Once you hit the Headlands, take Conzelman Road. It’s just 5 miles long but the route it takes offers the most amazingly picturesque shots of The Golden Gate Bridge and San Francisco beyond all the way up to Point Bonita. Motowhere—the motorcycle ridership forum—calls the ride through the Marin Headlands “scenic, twisty, easy” making it perfect for novice riders or groups of bikers with varying skill levels.
Looking for something a little longer? The West Marin County Loop ride is 50 miles long and will take you about 2 hours in good weather and traffic conditions. The route takes riders through the Marin Headlands and up to Tomales Bay and the town of Marshall then back through farmland that has been worked for generations by the same families.
One favorite spot for bikers to stop along this route is the Station House Café in Point Reyes Station. The perfect jumping-off point, the Station House offers some of the best (and most affordable) breakfasts you’ll find anywhere near San Francisco.
But you don’t have to keep traveling up the coast to find the best motorcycle rides in San Francisco. In fact, the East Bay has some excellent rides as well. Cross over to the other side of The Bay (or into your backyard if you are an Oakland motorcyclist) an experience some of the curviest roads you’ll ever come across woven through some of the most breath-taking scenery, sweeping vistas, and big hills to climb.
Some of these rides can be a little challenging for novice riders but with a little caution they can be mastered by anyone.
Our pick for the best route along San Francisco’s East Bay area? Highway 160. It runs right through the Sacramento River Delta. Along the way you’ll spot the delightfully kitschy Rio Vista’s Foster’s Bighorn—the restaurant’s decked out with wonderful (and abundant) taxidermy! The ride is about 60 miles and usually takes around an hour to complete one-way. It’s also the perfect “first-leg” for a run through to Sacramento or back around to Petaluma or Marin’s Golden Gate Recreational Park.
Tired of seaside views and want something a little greener, something a little hillier? Try the rolling greenery of Highway 24 from Berkeley through Lafayette to Bear Creek Road and the Briones Regional Park. Here you can test your bike’s mettle on the 3,800-foot climb up Mount Diablo for some truly breathtaking views of the surrounding countryside. Indeed, on a clear day, you can see up to 200 miles, a view encompassing 35 of the 58 counties in California. With a true 360-degree panorama from the peak of this nearly 4,000-foot tall mountain, you can look down into San Francisco Bay or even spot the top of Mount Shasta 240 miles away.
So when you’re planning your next motorcycle ride out of San Francisco, don’t forget The East Bay. It offers a wide range of rides to suit any experience level.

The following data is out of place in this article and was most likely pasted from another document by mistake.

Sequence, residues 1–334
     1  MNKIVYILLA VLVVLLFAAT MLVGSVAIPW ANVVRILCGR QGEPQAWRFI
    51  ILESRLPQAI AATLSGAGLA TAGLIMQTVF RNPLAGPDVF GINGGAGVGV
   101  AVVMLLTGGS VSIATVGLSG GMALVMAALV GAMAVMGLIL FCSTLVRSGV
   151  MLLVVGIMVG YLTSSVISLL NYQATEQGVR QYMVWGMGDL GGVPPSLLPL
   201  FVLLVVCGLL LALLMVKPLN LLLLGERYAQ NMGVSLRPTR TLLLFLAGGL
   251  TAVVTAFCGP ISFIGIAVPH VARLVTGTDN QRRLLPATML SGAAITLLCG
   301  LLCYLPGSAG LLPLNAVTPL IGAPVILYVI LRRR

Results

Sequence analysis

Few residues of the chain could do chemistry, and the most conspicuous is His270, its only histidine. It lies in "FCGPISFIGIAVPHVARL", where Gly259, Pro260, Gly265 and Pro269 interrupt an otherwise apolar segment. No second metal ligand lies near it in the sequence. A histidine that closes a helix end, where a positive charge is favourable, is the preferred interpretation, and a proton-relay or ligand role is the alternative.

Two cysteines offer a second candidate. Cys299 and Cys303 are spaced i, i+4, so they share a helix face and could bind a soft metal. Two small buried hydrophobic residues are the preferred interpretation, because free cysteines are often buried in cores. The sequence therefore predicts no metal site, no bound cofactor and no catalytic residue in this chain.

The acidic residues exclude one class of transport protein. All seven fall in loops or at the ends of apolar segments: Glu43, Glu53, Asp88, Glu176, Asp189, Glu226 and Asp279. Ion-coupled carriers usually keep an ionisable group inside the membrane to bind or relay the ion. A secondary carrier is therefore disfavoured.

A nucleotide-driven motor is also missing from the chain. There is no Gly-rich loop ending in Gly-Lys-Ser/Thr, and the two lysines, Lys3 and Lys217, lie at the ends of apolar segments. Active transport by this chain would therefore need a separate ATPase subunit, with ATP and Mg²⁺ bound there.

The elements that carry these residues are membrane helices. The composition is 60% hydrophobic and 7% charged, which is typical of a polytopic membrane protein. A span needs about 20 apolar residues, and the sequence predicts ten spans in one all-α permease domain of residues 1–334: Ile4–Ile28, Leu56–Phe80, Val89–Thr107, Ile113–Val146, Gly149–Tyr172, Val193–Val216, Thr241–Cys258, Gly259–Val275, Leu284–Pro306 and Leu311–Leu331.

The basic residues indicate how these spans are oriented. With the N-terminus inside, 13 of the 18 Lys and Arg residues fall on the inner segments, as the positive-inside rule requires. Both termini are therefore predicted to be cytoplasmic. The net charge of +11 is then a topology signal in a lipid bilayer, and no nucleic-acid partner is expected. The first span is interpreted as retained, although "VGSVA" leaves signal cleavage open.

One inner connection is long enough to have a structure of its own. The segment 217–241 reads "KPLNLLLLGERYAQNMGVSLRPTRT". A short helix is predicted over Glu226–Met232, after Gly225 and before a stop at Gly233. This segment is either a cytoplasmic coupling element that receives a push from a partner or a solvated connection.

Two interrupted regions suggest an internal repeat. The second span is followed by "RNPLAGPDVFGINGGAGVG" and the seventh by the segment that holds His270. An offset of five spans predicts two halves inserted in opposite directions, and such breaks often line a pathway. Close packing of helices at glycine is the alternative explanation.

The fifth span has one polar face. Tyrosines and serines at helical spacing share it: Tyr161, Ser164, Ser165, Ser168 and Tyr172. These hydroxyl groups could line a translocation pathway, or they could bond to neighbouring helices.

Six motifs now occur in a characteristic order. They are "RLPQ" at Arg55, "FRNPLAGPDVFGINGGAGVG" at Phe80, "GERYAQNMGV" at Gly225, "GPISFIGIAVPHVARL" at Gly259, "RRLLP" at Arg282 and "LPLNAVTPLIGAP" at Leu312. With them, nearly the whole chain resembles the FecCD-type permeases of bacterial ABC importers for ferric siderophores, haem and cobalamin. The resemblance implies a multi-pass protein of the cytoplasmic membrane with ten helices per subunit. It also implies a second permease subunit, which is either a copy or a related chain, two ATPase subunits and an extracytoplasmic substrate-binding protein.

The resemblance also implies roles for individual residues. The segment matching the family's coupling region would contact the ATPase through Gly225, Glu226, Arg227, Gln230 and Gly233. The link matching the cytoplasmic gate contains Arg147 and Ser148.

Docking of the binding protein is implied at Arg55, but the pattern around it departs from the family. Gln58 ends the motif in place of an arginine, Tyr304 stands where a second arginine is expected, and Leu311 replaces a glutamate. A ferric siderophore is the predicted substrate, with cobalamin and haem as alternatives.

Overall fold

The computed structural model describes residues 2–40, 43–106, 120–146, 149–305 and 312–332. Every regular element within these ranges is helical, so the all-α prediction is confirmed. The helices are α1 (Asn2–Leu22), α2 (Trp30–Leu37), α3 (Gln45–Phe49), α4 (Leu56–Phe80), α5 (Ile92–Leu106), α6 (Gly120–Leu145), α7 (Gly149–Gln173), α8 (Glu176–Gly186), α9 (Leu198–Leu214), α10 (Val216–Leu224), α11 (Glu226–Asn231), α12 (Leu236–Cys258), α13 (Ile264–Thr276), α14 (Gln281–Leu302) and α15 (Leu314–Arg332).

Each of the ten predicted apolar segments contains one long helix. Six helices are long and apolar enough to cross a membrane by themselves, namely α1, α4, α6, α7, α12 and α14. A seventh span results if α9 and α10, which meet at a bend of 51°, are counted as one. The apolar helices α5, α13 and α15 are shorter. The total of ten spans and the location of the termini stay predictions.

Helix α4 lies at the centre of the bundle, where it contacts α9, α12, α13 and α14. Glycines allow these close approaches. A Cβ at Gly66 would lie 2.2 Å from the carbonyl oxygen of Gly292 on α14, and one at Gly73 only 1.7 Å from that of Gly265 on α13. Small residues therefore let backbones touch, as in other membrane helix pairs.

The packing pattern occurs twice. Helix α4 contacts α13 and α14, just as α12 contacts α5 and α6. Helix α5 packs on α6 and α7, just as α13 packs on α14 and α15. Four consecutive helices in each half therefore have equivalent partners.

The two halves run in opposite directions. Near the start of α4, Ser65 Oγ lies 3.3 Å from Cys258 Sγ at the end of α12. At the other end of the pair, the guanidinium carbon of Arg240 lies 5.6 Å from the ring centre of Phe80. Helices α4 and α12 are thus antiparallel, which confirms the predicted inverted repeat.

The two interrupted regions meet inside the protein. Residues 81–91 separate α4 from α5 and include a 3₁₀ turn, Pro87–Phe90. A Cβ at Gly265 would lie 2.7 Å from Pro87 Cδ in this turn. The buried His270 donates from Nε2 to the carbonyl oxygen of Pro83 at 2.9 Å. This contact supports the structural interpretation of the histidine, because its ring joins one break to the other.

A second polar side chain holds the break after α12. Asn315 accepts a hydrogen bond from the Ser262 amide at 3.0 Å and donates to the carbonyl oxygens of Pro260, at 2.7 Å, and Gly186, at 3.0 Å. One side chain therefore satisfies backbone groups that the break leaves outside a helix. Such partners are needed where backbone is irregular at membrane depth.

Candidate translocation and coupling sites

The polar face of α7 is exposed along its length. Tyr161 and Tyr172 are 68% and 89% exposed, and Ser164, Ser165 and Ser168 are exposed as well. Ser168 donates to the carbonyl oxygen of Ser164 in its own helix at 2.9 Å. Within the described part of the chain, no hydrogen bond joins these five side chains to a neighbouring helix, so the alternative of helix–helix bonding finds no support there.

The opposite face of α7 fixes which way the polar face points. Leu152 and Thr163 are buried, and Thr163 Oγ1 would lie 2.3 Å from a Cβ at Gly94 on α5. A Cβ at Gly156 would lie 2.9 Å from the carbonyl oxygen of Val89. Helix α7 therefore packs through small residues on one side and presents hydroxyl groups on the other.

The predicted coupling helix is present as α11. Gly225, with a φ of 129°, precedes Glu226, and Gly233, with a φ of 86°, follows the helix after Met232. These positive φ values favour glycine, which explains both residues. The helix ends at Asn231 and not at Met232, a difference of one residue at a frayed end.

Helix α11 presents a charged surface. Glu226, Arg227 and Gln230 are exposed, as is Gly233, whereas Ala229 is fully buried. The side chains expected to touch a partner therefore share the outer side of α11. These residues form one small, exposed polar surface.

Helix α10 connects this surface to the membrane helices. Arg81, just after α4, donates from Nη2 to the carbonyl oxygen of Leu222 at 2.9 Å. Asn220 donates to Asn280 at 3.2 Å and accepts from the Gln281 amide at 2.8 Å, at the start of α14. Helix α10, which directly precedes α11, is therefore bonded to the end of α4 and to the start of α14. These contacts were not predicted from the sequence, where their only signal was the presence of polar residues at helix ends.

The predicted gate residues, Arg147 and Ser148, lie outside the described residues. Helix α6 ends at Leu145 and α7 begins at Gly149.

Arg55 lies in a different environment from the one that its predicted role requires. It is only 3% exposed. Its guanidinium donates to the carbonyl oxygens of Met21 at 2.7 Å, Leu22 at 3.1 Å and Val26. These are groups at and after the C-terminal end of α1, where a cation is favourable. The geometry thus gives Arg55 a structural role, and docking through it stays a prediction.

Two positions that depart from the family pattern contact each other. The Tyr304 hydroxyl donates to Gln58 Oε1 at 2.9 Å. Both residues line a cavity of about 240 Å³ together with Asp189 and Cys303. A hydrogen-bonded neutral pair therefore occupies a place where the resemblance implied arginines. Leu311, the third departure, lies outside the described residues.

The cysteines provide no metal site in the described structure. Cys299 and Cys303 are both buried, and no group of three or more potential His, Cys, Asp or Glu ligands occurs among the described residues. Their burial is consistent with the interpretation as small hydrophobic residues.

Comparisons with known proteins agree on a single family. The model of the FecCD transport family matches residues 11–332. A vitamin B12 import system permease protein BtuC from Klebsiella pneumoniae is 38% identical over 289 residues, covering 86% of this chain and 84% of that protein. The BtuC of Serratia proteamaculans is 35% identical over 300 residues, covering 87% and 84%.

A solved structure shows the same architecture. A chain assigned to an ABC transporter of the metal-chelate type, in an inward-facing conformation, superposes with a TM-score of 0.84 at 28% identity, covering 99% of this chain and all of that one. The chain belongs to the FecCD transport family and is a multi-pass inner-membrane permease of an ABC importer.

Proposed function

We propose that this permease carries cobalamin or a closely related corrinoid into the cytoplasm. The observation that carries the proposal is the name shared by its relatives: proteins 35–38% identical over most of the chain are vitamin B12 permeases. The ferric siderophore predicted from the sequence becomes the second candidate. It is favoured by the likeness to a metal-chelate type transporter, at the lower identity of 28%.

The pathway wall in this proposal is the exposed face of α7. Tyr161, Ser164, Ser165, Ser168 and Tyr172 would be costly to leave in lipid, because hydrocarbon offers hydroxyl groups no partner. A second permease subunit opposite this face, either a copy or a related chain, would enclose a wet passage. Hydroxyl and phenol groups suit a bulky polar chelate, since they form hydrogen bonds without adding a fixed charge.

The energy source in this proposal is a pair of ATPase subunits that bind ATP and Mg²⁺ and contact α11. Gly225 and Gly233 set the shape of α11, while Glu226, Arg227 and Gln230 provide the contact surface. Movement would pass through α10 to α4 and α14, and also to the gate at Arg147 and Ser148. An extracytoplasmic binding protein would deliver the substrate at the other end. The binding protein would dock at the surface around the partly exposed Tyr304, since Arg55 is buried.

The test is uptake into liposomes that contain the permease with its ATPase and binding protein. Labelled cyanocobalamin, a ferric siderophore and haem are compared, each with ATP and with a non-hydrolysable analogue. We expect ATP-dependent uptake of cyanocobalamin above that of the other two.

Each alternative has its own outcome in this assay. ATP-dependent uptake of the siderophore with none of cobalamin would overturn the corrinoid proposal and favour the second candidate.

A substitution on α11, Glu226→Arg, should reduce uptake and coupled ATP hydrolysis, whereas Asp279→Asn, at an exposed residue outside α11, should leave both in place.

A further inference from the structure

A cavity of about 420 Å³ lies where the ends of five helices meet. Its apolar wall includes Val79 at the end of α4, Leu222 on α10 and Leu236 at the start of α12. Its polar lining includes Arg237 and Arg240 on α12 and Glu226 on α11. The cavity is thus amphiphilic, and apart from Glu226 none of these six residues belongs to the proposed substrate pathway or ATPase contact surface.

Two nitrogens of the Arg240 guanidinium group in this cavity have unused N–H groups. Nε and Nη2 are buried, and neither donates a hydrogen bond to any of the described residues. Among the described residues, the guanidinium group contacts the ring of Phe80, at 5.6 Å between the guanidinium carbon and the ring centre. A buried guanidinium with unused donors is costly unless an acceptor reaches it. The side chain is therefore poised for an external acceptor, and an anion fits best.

Expand Your Comfort Zone
If you’re looking for the best motorcycle ride in San Francisco, it may not be the one you take every day to work and back. While commuting to work on a motorcycle in San Francisco can save you money, increase your daily intake of fun, and maybe even make you a little bit cooler (and the envy of all your coworkers) there’s more to riding in San Francisco than getting around this gorgeous (but somewhat overcrowded) City by the Bay.
True motorcycle riders know that half the fun in owning a bike is the pure and simple joy of enjoying the ride. So carve out some time for yourself to enjoy one of the best motorcycle rides in San Francisco we’ve listed above or take the time to find your own personal favorite getaway.
Break free from the daily grind and take some time to explore the natural and man-made wonders waiting right in your backyard. Motorcycle rides in the San Francisco area offer a wonderful, easy way to get out of the city at a moment’s notice. There is so much to do and see here that you’ll never get bored. So plan a day trip (or even a long weekend ride) and hit the highway.
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Stay Safe and Be Prepared
As liberating (and exhilarating) as riding can be, you have to know the risks you’re facing in order to grow as a rider. Ever good bike owner should beware the dangers these motorcycle rides in San Francisco pose. Riding a bike in the city isn’t like riding on the open road. When you’re placed in close proximity to automobile traffic, your risk of being in a motorcycle accident dramatically increases. Indeed, as treacherous as some of the mountainous terrain in The Bay Area can be for inexperienced motorcycle riders, it pales in comparison to the carelessness of distracted or reckless drivers.
Statistics show that well over half of all motorcycle accidents in San Francisco that involve automobiles were caused by the car’s driver, not the motorcyclist. It’s easy for automobile operators to overlook motorcycle riders—especially when they’re sightseeing too. In fact, one of the most common statements at-fault drivers make to police investigators after a crash is that they failed to see the motorcycle until it was too late to avoid the collision.
So ride safely but take comfort in the fact that if you are involved in a motorcycle accident in San Francisco, we’re here to help. The experienced motorcycle accident lawyer team at Sally Morin Personal Injury Lawyers can get your life back on track after a crash and help you get the compensation you deserve. Call (415) 413-0033 today or submit your case information online for a FREE case evaluation by clicking the red button below.